August 2017

(From the August 2017 Circle of Friends Newsletter)

I grew up with the belief that pretty much what was printed or disseminated on radio or television as the news was true. Journalistic standards were high, national commentators were battle-tempered on the fronts in WW II, and brought a sense of probity in the late 1940’s and 1950’s news reporting. That was long before social media and the world of “fake news” that we have to wade through today. Imagine how it is for our children to navigate the cacophony of this digital age where spurious accounts circulate instantaneously while thoughtfully researched journalism takes a day or two.

In a recent Stanford study reported by NPR, middle school, high school, and college students were asked to evaluate the information presented in tweets, comments, and articles. The researchers were, in their own words, “shocked” that a significant proportion of supposedly social media-savvy cohort could not distinguish polished sponsored content and passed it on as being true.

The Public Library Association in the November/December 2016 issue states the case for teaching media awareness much better than I can paraphrase. At the bottom line of the feature article is the statement: “Building meaningful relationships and creating safe spaces for open discourse helps identify the public library as a place that community members can trust and librarians as people they can believe in. Information and media literacy is a bipartisan issue and a functioning democracy demands informed citizens. Public libraries are critical to that effort.”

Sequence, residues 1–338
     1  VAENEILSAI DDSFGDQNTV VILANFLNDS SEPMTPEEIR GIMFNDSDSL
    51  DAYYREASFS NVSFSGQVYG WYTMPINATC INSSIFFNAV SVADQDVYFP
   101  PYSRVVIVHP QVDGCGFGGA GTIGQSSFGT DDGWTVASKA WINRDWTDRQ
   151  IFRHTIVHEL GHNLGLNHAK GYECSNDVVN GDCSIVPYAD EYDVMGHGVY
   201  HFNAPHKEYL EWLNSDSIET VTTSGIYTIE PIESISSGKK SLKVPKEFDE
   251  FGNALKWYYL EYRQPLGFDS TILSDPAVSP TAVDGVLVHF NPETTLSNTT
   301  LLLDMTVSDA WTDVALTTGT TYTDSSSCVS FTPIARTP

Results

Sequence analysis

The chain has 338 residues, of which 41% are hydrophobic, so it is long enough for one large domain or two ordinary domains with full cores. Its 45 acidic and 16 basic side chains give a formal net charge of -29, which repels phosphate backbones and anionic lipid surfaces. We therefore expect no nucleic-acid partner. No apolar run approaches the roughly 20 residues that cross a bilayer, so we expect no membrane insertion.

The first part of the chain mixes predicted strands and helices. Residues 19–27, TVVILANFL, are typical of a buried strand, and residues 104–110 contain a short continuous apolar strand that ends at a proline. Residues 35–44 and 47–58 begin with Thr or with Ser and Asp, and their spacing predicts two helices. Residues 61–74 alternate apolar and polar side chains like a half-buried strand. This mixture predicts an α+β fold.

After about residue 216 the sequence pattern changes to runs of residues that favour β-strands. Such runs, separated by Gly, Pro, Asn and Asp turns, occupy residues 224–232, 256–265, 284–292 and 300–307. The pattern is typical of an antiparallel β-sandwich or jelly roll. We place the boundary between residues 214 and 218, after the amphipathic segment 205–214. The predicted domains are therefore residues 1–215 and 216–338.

As stated in the bylaws, the Purpose of the Friends of the Castro Valley Library is “To promote literacy and to support the Castro Valley Library as a vital community resource”. To me, it seems that we could wholeheartedly support instruction in our library that would teach the abilities of being
able to discern what is factual from what is “fake”, distinguishing mainstream from fringe, detecting altered photographs, being aware that there is no supporting evidence, and noting an absence of source attribution, falls within that purview.

You might say “Teach them how to fish”.

Roger Caswell, President
Friends of the Castro Valley Library